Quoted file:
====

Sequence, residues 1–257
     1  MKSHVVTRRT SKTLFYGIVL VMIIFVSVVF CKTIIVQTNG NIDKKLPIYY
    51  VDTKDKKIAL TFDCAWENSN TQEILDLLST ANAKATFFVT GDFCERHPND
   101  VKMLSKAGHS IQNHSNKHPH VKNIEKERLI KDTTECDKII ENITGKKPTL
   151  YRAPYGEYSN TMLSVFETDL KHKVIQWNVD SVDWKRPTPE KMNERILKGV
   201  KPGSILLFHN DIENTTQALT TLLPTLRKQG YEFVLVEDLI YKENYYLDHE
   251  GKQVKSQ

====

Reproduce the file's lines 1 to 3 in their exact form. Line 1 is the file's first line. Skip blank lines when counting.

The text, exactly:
Sequence, residues 1–257
     1  MKSHVVTRRT SKTLFYGIVL VMIIFVSVVF CKTIIVQTNG NIDKKLPIYY
    51  VDTKDKKIAL TFDCAWENSN TQEILDLLST ANAKATFFVT GDFCERHPND